From the ages of 11 to 16 Jacob Bresler survived five years of ghettos and concentration camps during World War II. He credits his inventiveness, his stubbornness, his resilience, and his will to survive as the reasons he made it through the war and created a new life for himself in America. He is a humanist. He does not hate. He has no enemies. He remains optimistic about the future, and believes that communication is the only way to combat ignorance and pierce the ideological bubbles we’ve segregated ourselves into. He and Bridget cover a variety of topics including the many different paths he’s traveled in his life, how he feels about the phrase “Trump is Hitler,” when we should teach children about the Holocaust, how best to counter hate, and the idea that the potential for brutality lies within all of us. Don’t miss Jacob’s autobiography: You Shall Not Be Called Jacob Anymore.

Full transcript available here: WiW68-JacobBresler-Transcript

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  1. Bryan McAllister Lincoln

    What a marvelous conversation! Mr Bressler is well spoken, and Ms Phetsay engaged him deftly – her respect for him felt genuine. I am grateful that the production team opted to let the audience in on as much of the dialogue as they did – and hope that Ms Phetasy will invite us back for her future discussions with Mr Bressler. His admonition to the listener to look to love for both offense and defense when facing adversaries and adversity is especially compelling – his portfolio of life experience makes him uniquely credible.

    I will share this podcast with my kids. May we stand on the shoulders of these great people that we may advance their life work, and may we learn from their experiences that at least those horrors which they experienced may not be repeated.

    I do respectfully disagree with Mr Bressler’s view on Free Speech. Ms Phetsay parried his argument, appropriately. I believe that our efforts, with respect to deflecting the effects of hate speech, are better directed at building up the bulwark to withstand the speech – through education, through love, through persuasion of the audience, through example. No, these are not easy remedies, but that are long-lasting. Simply blocking words will not quash the sentiment. And, as Ms Phetasy notes, we place far too much trust in the arbiter of what inappropriate speech is, when we delegate that responsibility to some government bureaucrat.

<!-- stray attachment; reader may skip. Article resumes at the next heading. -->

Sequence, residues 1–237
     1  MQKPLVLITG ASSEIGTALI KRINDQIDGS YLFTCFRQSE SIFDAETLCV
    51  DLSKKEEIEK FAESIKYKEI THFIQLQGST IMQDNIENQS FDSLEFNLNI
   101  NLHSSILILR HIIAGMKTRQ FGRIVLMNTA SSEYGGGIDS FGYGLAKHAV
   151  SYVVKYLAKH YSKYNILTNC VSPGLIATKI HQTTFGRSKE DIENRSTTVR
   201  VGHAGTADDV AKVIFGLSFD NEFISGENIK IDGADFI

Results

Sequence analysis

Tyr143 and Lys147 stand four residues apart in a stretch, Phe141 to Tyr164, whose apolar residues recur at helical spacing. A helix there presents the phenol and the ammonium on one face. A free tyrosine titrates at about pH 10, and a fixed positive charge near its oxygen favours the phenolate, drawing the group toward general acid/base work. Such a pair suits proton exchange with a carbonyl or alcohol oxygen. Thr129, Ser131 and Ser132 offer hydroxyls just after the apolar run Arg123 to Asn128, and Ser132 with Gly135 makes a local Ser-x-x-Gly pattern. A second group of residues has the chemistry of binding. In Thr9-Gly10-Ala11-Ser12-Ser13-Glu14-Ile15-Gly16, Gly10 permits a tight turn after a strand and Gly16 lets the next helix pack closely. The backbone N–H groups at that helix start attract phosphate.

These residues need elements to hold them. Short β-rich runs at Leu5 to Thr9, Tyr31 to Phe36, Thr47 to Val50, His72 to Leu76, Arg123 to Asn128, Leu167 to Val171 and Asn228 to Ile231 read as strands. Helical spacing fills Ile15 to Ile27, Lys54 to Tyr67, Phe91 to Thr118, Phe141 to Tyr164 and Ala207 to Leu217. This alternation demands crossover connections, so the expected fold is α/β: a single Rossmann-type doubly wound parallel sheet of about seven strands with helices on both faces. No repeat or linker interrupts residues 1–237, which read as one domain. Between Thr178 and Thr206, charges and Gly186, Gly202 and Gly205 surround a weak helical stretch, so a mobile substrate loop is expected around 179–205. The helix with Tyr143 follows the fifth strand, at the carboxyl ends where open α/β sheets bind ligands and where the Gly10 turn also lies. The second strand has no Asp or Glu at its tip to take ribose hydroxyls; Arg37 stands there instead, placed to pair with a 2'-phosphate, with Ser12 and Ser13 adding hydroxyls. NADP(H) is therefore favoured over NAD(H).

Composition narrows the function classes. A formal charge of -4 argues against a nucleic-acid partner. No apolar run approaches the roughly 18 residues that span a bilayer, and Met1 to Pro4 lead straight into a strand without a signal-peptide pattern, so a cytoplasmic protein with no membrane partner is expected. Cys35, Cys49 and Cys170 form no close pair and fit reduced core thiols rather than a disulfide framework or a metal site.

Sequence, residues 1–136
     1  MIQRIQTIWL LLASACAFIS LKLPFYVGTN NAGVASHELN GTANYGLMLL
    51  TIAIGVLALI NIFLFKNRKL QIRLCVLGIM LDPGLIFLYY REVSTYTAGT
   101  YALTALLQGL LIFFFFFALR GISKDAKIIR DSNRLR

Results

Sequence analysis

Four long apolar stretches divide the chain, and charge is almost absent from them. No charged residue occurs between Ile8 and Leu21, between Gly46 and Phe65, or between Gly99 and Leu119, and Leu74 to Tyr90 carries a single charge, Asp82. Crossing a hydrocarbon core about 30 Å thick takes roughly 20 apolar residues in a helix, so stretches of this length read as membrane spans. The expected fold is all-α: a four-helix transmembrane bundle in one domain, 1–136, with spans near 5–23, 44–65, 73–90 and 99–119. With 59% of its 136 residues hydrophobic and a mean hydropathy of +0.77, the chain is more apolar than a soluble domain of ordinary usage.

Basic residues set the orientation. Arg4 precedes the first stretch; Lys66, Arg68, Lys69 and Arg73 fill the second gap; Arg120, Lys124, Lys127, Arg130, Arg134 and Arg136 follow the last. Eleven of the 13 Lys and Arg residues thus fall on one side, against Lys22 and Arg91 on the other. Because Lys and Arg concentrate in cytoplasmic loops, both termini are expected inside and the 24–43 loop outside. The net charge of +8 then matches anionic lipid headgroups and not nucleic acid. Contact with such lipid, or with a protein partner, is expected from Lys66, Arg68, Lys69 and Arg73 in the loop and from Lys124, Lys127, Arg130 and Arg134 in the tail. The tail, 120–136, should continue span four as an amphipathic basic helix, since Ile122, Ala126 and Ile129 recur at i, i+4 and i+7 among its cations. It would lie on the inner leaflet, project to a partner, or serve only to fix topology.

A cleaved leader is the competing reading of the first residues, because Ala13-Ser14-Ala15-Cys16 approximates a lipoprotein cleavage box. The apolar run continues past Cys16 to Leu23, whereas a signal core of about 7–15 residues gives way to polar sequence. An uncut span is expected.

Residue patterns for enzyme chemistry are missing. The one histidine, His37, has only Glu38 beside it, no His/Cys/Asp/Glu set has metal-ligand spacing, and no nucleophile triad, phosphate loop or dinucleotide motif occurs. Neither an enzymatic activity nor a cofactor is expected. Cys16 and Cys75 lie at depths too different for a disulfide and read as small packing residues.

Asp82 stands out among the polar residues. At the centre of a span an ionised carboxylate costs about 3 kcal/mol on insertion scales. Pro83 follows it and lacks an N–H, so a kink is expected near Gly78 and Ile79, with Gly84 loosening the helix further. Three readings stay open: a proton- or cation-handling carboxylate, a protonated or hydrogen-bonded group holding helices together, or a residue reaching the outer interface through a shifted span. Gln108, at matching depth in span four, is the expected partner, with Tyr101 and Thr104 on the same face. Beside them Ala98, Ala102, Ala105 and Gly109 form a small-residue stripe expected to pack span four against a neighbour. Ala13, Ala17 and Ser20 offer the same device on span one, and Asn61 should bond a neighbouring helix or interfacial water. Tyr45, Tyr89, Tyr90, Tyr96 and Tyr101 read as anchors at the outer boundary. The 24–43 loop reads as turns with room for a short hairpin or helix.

Great podcast!

    • #1
    • February 20, 2020, at 6:53 PM PST
    • 4 likes
  2. Architectus Coolidge

    Thank you Bridget for introducing us to Jacob Bresler. What a wonderful conversation and another reminder of how good we have it in this place and in these times.

    • #2
    • February 22, 2020, at 2:40 PM PST
    • 2 likes
  3. Randy Weivoda Moderator
    Randy Weivoda Joined in the first year of Ricochet Ricochet Charter Member

    Bryan McAllister (View Comment):

    What a marvelous conversation! Mr Bressler is well spoken, and Ms Phetsay engaged him deftly – her respect for him felt genuine. I am grateful that the production team opted to let the audience in on as much of the dialogue as they did – and hope that Ms Phetasy will invite us back for her future discussions with Mr Bressler. His admonition to the listener to look to love for both offense and defense when facing adversaries and adversity is especially compelling – his portfolio of life experience makes him uniquely credible.

    I will share this podcast with my kids. May we stand on the shoulders of these great people that we may advance their life work, and may we learn from their experiences that at least those horrors which they experienced may not be repeated.

    I do respectfully disagree with Mr Bressler’s view on Free Speech. Ms Phetsay parried his argument, appropriately. I believe that our efforts, with respect to deflecting the effects of hate speech, are better directed at building up the bulwark to withstand the speech – through education, through love, through persuasion of the audience, through example. No, these are not easy remedies, but that are long-lasting. Simply blocking words will not quash the sentiment. And, as Ms Phetasy notes, we place far too much trust in the arbiter of what inappropriate speech is, when we delegate that responsibility to some government bureaucrat.

    Great podcast!

    Agreed. It was the German government who perpetrated the holocaust. It was the masses of the German people who supported the government. It makes no sense to me to trust government – or the masses of “normal” people – with the authority to prohibit speech.

    Having said that, it’s a fine episode. Even when the guest is someone I’ve never heard of, this podcast is consistently interesting. Thank you, @blueyeti, for adding Walk-Ins Welcome to the Ricochet lineup.

    • #3
    • March 1, 2020, at 4:11 PM PST
    • Like